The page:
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Today is April 8, 2020

Landrum’s Homestead & Village

A living history and a legacy

By Sandra M. Buckley

Landrum’s Homestead & Village

There is an out-of-the-ordinary destination in Laurel that offers a rare glimpse back in time, back before any of the modern-day conveniences we are accustomed to today. It is Landrum’s Homestead & Village, a vision brought to life over the last 36 years by Anne and Tom Landrum as a way to teach their grandchildren what life was like for their ancestors.

“My dad had a passion for history and preserving things from our past,” explained Deborah Landrum-Upton of her beloved father, Tom, who recently passed away. “He felt it was important to remember our heritage and teach children how our forefathers lived.”

Lifelong Mississippians, Anne and Tom were married for 67 years and blessed with five children, 16 grandchildren and 13 great-grandchildren. Deborah and her brother, Bruce, along with Anne, live in Laurel and now run the family’s Homestead operation.

It was in 1984 when the original Homestead plan began to take shape, thanks to the family’s collection of past memorabilia from their relatives as well as abundant acreage in Jones County. And as the years passed, the collections grew and they began adding small buildings, such as replicas of what a typical village or small town might have had in the late 1800s or early 1900s. Today, there are more than 85 buildings and displays on the property, with most built by the family and some brought in and restored on-site.

What began as a family learning opportunity has since transformed into a destination for thousands of visitors annually. The family has branded the Homestead as a “living history museum” and invites visitors of all ages to “step back in time and take a walking tour of the past.” “We have visitors from all over the world,” Deborah said. “Canada, England, Germany, Mexico, Scotland and France, to name a few.”

Strolling through the Homestead, visitors pass by a general store, barbershop, schoolhouse, jail, gas station, water tower and much more. There is even an Indian village with two houses, a work shed, corn granary and burial scaffold. Various antique farm equipment, including a restored 1880 Ajax steam engine, corn crib, log sled, gristmill and farm plows, are on view as well. Guests also enjoy seeing the working windmill built in 1932; looking in the Picture House, filled with collections of old-time photos; feeding the fish at the pier; and strolling through the nature trail.

Among the younger visitors’ favorite activities are gem mining, where they pan for rough gemstones direct from North Carolina mines; a laser shooting gallery; a winding maze; and a mystery house that seems to challenge gravity. “Adults love the Homestead, too,” Deborah added. “Most of them remember a lot of things from growing up, brings back lots of memories.”

The Village Chapel is a sight to behold and was built in memory of both Anne and Tom’s parents. “The Chapel is made of cypress and pine built by our family,” Deborah shared. “The walls are whitewashed with exposed overhead beams and handcrafted stained glass windows with beautiful pine handcrafted pews.” The Homestead hosts a variety of scheduled groups and events throughout the year. “We do demonstrations such as bake biscuits on a wood stove and give out samples,” Deborah said. “We grind corn into cornmeal, lead wagon rides through the nature trail and share steam engine demonstrations, to name a few.”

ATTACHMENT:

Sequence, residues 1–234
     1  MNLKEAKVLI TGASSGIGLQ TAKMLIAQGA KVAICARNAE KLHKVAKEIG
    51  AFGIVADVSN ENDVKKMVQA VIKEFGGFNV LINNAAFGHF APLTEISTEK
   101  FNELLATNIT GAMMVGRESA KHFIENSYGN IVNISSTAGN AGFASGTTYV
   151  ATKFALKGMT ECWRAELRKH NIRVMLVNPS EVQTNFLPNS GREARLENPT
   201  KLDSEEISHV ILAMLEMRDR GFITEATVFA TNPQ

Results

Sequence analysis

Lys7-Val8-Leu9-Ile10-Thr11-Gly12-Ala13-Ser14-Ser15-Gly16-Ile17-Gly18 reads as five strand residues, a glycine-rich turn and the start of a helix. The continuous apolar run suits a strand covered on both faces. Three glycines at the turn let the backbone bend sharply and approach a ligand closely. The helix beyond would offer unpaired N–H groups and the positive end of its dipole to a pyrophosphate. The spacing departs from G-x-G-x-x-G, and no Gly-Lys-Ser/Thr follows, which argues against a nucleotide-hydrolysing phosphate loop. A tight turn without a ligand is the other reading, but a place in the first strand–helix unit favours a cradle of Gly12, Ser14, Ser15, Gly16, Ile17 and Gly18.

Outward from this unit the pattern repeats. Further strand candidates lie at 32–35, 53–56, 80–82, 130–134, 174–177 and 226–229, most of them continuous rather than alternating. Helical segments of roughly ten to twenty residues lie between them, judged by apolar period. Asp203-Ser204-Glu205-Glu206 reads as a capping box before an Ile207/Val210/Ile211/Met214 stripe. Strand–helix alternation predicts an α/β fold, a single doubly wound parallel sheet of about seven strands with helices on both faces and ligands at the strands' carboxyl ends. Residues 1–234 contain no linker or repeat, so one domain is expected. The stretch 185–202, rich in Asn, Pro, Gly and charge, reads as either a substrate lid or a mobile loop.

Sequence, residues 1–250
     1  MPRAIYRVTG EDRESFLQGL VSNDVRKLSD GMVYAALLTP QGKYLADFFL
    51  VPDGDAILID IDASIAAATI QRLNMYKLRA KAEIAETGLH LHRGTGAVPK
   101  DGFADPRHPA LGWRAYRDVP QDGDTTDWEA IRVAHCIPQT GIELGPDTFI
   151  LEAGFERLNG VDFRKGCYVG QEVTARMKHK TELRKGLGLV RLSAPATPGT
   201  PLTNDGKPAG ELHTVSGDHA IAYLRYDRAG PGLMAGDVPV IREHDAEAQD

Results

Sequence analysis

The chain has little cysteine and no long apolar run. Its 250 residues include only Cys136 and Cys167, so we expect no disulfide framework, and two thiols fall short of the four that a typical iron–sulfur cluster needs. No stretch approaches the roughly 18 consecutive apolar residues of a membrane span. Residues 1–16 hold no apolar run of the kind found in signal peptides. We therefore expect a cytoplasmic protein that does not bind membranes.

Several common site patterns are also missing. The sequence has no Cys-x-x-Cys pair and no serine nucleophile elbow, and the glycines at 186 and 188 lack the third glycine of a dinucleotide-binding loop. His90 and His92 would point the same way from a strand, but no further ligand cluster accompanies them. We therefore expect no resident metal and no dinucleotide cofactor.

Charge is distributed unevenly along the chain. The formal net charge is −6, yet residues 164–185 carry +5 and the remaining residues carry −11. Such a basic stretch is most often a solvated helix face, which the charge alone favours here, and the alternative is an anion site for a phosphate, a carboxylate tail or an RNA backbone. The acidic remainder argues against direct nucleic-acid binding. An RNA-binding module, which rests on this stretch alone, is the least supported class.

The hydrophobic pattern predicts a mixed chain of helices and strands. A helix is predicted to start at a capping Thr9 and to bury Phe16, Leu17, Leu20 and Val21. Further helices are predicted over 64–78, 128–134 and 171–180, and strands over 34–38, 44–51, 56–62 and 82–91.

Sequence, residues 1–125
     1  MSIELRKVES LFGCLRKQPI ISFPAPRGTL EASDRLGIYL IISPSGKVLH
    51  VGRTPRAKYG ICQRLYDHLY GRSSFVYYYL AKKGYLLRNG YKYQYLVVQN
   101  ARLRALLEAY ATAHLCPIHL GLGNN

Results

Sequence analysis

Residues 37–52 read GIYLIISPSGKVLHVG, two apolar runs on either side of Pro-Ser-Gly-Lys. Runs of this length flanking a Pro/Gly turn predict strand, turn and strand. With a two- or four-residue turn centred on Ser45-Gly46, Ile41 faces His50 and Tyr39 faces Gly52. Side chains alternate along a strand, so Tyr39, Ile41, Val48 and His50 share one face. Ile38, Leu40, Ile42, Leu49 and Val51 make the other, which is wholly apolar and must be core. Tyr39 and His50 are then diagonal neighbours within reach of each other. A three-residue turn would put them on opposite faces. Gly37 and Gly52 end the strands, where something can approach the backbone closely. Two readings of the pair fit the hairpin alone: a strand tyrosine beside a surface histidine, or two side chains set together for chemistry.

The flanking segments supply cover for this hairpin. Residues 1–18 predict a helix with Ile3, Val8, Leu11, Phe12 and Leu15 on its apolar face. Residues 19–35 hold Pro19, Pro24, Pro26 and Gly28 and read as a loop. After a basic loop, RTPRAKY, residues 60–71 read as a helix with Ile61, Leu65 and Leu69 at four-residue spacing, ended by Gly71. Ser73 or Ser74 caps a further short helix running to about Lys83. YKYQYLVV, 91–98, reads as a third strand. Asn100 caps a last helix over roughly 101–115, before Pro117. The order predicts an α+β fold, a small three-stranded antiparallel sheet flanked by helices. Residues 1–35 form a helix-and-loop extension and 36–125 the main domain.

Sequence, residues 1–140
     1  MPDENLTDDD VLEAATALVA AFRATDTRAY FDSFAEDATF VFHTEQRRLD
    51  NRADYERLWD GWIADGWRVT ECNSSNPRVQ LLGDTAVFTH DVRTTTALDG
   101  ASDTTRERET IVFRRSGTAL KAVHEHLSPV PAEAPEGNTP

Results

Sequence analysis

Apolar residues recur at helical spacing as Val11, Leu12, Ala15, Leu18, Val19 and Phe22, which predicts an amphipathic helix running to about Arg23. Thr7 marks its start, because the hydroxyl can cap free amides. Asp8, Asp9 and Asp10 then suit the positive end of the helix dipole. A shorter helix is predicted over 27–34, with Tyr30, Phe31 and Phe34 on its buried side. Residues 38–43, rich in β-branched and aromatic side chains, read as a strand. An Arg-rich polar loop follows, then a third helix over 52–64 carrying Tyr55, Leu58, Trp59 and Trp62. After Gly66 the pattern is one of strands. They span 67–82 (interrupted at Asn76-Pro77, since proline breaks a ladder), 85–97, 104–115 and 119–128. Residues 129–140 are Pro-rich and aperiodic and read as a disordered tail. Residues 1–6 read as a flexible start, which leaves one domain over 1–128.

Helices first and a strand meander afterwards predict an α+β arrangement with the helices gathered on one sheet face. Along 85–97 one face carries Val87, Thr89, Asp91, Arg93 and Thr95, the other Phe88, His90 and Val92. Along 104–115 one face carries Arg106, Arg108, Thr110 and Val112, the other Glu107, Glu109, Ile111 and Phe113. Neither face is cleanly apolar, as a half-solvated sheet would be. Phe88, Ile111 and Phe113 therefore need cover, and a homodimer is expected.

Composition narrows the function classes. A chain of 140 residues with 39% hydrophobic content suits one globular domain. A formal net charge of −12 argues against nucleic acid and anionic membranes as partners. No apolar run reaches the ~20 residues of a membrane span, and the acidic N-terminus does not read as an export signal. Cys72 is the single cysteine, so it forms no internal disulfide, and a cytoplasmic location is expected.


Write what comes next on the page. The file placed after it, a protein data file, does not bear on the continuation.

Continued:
“Landrum’s Homestead has been a great asset to Jones County,” said Lydia Walters, communication & human resources manager for Dixie Electric Power Association. “Their willingness and passion to teach children about old processes and customs are remarkable. Dixie Electric is proud to serve Landrum’s Homestead and be a small part of the educational opportunities they offer.”

During the spring, summer and fall seasons, the Homestead’s grounds are vibrant with colors, blooms and scents, and visitors are invited to bring picnic baskets and enjoy the scenery. Also, during these months the Village Chapel, lakeside pavilion and pier are often reserved for weddings and other events, such as reunions, school field trips, senior adult outings and corporate events.

Then, Christmas at the Homestead is the busiest — and most festive — time of the year, always starting the weekend after Thanksgiving. “We love Christmas,” Deborah said. “This is our favorite time of the year. Candlelight tours, Santa, Christmas lights, demonstrations, entertainment! One comment we hear a lot is, ‘I feel like I’m in a Hallmark Movie.’”

“My daughter and I enjoy the Landrum’s Christmas celebration,” Lydia added. “Landrum’s Homestead is beautifully decorated for the holiday and provides a wonderful opportunity for children to experience days gone by. It is a great start to the Christmas season.”

Year-round, Landrum’s Homestead & Village is eager to welcome visitors and share a special look back at days gone by. “The Homestead is unique,” Deborah shared. “There isn’t anything like it in the state. It’s interesting, educational and fun for all ages. It is 30 acres of beauty, fun and adventure.”

“We are proud of the legacy dad started,” Deborah added. “The Homestead is a labor of love. We will continue to maintain it and will continually add pieces of history to our collection. It’s always a work in progress … it will never be finished!”

Visit www.landrums.com or call 601-649-2546 for upcoming spring events and more information.

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